It's hot in Arizona -- 110 degrees, most days -- and the Rookie League is playing a baseball game every night.
You won't hear Ryan Bores complain about it.
"I'm getting paid to play baseball," he said with a laugh. "I talk to my friends, and they're working at McDonald's. This is better."
Bores, 21, a 2009 grad who went on to pitch for Kent State University -- including getting the win in KSU's upset victory over the No. 1 ranked Florida Gators in the College World Series this spring -- is in Surprise, AZ this month, playing in the Texas Rangers' rookie league.
The 6-3, 190-pound right-hander was this June. His SHS teammate, by the Oakland Athletics while in his junior year at Lee University in Tennessee.
Bores would have gone to Short Season Class A, but he pitched so many innings at Kent that the coaches are resting his arm. Now, he's on a starting pitcher's routine, but only throwing 30 pitches a game.
Here's his typical day now: Meet for lunch at 1:30 p.m.; stretch at 2:30, start throwing around 3, take batting practice at 4:30.
Then the team eats and plays a game at 7 p.m.
He's playing with some talented rookies. But that's not too intimidating after the College World Series.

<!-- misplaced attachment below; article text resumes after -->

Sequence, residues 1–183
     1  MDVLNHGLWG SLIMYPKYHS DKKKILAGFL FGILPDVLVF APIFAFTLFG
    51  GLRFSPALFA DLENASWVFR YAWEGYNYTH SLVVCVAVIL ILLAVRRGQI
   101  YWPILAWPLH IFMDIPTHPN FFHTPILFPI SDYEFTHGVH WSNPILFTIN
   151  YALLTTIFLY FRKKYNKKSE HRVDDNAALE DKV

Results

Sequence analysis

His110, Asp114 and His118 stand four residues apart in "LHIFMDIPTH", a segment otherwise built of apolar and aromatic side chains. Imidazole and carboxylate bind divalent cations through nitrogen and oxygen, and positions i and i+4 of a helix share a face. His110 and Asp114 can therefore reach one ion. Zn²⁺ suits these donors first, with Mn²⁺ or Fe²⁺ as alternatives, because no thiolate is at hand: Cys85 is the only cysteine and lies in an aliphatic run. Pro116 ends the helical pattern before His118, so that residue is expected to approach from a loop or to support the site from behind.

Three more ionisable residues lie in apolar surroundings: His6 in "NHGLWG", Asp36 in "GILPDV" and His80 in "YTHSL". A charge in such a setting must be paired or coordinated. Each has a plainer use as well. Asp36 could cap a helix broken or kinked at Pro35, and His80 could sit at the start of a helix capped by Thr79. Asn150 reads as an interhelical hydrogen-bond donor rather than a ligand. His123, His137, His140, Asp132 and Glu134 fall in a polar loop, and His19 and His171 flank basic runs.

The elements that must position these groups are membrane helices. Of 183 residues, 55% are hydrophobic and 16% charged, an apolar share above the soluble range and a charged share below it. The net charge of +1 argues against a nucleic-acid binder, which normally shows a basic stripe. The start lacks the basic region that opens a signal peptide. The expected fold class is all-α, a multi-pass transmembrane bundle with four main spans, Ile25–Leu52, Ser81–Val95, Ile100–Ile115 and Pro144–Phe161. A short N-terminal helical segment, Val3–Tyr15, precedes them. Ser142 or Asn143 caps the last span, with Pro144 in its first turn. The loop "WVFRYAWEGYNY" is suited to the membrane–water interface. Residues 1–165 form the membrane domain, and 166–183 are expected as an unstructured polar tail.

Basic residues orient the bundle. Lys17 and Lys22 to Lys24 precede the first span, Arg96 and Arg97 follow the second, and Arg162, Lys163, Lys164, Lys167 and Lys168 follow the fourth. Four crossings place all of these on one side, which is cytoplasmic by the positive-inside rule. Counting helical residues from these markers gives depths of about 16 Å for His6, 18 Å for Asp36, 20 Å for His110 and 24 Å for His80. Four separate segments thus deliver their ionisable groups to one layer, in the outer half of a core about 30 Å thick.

"There, you're playing with a lot of the best players in the country," he said.
The Strongsville Connection
And it seems like a good number of those players come from Strongsville.
"Strongsville has become a hotbed for division 1 college and professional players," said Anthony Catanzarite, Bores' agent. "This speaks to the excellent coaching and development in Strongsville and northeast Ohio."
Hall also took the A's up on their offer this year and is in Short Season Class A right now.
And don't forget Anthony Gallas, another SHS and KSU grad who was signed by the Cleveland Indians and is currently playing Class AA for the Carolina Mudcats.
"I’m proud to represent Ryan, as well as Anthony Gallas, who both continue to make Strongsville residents and Kent State fans proud," Catanzarite said.
Bores said Strongsville High School Coach Josh Sorge -- who gets his team up at 6 a.m. to work out -- is one reason the city is turning out some exceptional baseball players.
"He prepared us real well for what it would be like in college," Bores said.
Next, Class A
This is was actually the second time Bores was drafted, also picked by the Rangers at the end of his sophomore year.
He had kind of hoped to be drafted by the Indians -- "It would be nice to be closer to home," he said -- but still jumped at the Rangers' offer.
"It was hard enough to pass the first one up," he said. "I wasn't going to do it again."
He plans to get his degree in education this fall and winter, then head to Hickory, N.C. next spring for Class A ball with the Rangers.
That will be nice for his parents, David and Cheryl.
"That won't be so far away and they can come to my games," he said.